Every Friday, we have a weekly-review-plus-chill call at emdash. In one of our calls, an intern told me that she doesn’t like making mistakes — so much so that she puts in a lot of work up front to stop herself from making mistakes.
While it’s a good idea not to make mistakes (duh!), fear of making mistakes often stops people from trying new things. And therefore making great progress.
This is where we need to define the ‘mistake’. I’m not talking about grammatical errors, or misaligned designs or just shoddy work. I’m talking about unexpected outcomes of taking risks, being ambitious and adventurous, daring to go big.
For instance, one of my biggest mistakes was hiring a team when I wasn’t ready to be a manager. It was a mistake that didn’t affect just me, but also the people I’d hired. While I regret not having done well, I must also admit that if I hadn’t made the mistake, I wouldn’t have learned I was a terrible manager.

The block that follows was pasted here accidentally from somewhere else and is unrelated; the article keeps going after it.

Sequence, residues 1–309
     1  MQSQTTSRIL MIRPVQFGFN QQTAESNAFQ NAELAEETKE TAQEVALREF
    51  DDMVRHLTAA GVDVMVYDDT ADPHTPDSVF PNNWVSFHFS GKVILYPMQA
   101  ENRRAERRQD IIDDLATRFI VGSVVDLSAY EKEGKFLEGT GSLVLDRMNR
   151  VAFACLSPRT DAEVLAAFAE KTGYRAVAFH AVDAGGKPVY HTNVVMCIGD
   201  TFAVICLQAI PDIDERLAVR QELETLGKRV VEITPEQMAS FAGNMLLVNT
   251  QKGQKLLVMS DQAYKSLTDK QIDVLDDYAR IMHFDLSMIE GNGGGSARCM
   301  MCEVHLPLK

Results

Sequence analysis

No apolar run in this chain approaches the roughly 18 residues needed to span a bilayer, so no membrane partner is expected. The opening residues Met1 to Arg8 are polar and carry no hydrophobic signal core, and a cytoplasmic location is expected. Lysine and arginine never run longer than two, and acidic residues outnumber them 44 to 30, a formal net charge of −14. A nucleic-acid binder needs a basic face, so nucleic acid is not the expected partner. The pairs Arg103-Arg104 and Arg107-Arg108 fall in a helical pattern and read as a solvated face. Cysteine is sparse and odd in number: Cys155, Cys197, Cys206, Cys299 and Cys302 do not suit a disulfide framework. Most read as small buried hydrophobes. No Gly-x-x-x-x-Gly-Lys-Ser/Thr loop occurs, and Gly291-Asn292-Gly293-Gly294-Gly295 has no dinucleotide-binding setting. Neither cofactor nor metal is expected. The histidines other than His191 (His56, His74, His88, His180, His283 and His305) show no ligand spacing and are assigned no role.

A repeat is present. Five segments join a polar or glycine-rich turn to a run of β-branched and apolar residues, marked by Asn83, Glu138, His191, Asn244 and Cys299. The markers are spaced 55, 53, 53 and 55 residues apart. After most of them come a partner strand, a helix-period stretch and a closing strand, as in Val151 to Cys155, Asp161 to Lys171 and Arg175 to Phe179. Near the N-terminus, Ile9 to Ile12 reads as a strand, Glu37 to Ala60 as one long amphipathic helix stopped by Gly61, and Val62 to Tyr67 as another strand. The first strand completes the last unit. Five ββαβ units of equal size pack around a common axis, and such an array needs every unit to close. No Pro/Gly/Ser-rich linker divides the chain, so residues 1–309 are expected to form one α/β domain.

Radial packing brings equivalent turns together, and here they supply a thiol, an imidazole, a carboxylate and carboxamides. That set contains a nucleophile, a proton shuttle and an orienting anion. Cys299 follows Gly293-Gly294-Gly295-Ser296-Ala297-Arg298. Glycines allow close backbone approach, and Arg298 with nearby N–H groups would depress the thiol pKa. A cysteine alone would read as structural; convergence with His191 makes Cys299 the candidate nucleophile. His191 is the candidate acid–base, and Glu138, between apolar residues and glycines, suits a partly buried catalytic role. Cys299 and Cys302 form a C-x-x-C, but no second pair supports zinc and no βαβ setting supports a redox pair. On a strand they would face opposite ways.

The next mistake I made — on realising I’m a terrible manager — was to delegate it. When that turned out to be a horrific cop out, I tried coaching. I found myself a coach who will help articulate my goals and fix my misdemeanours. With sides of management books and small business podcasts, I’ve made reasonable progress. It’s working pretty well (if I may say so myself).
Over the course of the last 10-12 years, I’ve had the privilege of making many such mistakes — over-charging, under-charging, speaking my mind, not speaking up when needed, trusting certain kinds of people, not learning certain skills.
There is no learning without mistakes.
So let me ask you again: Are you making enough mistakes?